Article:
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Articles from 2005 In December

Nine Challenges Facing The Industry In 2006

  • Exports -- rebuild and regain our market share in lost export markets, while reducing market barriers and solidifying the U.S. position as the world's foremost supplier of high-quality, safe and wholesome, corn-fed beef.
  • Continue to shift away from the commodity trap, and create marketing systems and avenues that allow us not only to consistently hit specific market segments and niches, but reflect these value differences through a revamped marketing system.
  • Implementation of a national animal ID system.
  • Be ready to face even more ferocious attacks from anti-beef advocates.
  • Coping with a cattle-cycle phase where more beef tonnage will be available (even with exports and dry conditions offsetting the effects of expansion to a large extent).
  • Fierce competition from competing meats.
  • Higher fuel, transportation, energy and input costs.
There are two challenges, however, that overshadow all others and will be the keys to determining if the industry experiences a 2006 as prosperous as 2005. The industry seemingly has a clear vision and plan in place to expand on its success in the areas of demand and the business environment in which we operate, but we must watch these two key areas:
  • The first key will be achieving industry unity and mobilizing the industry to move aggressively forward. This isn't the type of unity that eliminates disagreement but that embraces democratic methods of policy formation. It's a unity that allows producers to set aside minor differences on issues to focus on a larger vision and common purpose on which all producers can agree.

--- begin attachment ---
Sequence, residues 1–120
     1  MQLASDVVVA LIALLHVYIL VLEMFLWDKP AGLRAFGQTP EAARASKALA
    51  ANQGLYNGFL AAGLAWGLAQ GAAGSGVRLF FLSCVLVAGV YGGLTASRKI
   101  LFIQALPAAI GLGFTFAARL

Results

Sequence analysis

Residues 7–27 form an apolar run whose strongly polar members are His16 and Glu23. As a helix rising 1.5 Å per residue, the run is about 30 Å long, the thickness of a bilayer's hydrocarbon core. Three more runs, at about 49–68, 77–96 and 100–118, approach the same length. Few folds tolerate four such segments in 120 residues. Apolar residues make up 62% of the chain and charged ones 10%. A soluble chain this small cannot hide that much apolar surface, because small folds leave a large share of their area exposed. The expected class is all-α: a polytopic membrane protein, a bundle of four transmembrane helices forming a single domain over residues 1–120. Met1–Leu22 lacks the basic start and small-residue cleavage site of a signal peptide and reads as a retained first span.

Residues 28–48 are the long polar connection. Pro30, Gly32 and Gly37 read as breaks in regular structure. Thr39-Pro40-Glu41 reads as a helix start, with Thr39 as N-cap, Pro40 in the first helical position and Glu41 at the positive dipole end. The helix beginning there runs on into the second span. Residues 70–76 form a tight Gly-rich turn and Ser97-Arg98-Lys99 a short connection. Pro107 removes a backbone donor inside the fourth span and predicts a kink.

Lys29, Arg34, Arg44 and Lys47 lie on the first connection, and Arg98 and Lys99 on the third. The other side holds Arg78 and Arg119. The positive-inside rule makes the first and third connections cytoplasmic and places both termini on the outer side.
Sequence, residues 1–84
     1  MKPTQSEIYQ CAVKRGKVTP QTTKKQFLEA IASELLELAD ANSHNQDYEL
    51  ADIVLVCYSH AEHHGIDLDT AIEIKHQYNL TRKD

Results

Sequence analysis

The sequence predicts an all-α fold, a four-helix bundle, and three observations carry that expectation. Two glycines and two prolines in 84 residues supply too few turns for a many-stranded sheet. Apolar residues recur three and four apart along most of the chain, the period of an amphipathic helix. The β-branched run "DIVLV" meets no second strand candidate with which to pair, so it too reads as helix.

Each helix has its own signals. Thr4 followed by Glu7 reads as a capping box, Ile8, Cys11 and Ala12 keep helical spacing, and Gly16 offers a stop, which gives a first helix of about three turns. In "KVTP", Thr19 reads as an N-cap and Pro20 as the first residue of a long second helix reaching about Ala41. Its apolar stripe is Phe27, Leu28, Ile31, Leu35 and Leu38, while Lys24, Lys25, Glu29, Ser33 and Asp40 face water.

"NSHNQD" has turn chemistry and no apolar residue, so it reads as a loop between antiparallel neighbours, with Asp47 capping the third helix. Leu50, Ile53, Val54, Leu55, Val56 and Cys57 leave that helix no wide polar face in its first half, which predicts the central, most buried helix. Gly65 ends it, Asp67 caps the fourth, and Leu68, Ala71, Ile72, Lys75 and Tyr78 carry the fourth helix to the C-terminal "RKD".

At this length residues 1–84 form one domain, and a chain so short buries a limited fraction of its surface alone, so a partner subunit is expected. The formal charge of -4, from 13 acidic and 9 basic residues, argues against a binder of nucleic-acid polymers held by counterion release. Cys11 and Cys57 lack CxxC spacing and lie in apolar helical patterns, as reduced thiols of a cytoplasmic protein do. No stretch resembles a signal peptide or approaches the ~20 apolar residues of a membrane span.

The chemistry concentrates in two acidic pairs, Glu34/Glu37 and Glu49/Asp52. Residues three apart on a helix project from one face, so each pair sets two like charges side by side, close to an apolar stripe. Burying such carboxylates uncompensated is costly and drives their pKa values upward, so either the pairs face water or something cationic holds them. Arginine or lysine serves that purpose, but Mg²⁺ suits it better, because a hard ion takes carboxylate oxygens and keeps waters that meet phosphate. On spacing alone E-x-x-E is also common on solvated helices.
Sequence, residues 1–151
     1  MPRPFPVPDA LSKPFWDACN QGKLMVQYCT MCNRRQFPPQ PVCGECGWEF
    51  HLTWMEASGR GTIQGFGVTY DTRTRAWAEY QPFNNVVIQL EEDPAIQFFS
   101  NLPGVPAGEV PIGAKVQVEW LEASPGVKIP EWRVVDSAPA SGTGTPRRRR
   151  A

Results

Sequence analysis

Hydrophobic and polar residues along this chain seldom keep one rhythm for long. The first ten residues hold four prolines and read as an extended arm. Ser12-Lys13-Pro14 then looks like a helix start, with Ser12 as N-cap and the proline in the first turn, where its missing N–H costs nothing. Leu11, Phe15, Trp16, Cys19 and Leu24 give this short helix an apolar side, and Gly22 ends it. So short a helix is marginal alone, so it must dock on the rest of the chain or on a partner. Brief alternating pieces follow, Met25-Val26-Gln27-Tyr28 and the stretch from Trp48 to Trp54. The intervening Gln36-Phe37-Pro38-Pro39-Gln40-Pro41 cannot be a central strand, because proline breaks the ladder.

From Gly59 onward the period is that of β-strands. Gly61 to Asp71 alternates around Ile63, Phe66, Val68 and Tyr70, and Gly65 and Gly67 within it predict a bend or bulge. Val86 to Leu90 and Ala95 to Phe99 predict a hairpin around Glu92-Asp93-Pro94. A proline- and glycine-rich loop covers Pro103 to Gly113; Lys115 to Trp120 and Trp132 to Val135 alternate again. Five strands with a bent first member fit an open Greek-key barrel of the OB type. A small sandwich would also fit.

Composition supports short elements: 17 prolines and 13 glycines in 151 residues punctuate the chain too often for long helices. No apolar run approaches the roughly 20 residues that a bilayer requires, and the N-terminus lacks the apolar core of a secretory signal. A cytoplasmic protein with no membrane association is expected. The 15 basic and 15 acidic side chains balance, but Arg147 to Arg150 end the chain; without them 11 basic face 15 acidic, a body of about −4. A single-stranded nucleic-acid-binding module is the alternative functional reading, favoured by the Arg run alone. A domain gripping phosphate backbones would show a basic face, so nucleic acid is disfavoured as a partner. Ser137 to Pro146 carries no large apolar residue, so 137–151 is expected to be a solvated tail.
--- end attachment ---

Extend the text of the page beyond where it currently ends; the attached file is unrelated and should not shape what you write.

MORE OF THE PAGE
• The second key is to eliminate the zero-sum mentality that's crept into our industry. There's nothing more absurd than the zero-sum view of the world. It leads to the belief everyone must share the same view and operate under the same system, and that government is the tool to enforce that system.
How many of you produce a better product, have a more healthy resource base, enjoy a higher standard of living, and operate more efficiently than your grandfather did? We're producing a higher quality, more differentiated product, more efficiently than 20 years ago. We have better and more powerful genetic and animal health tools, better equipment and technology. It's a combination that gives us the tools to be stronger and better competitors.

Yet, people say we can't compete globally. They say concentration, corporate feeding, multi-national packers, Wal-Mart, pork and poultry, Brazil and Australia will undo us.

We don't operate in a zero-sum world. The size of the pie isn't stagnant or, at least, it certainly doesn't have to be. Our responsibility lies in building a better future just as those who preceded us did.

As long as the majority continue to strike forward, those who advocate the demise of independence, freedom and free markets, and a shift away from entrepreneurship to government management, will always be held at bay. The fundamentals for the future of the beef industry are strong. If we embrace the future with a progressive and aggressive attitude focused on making the pie bigger, we can make it great.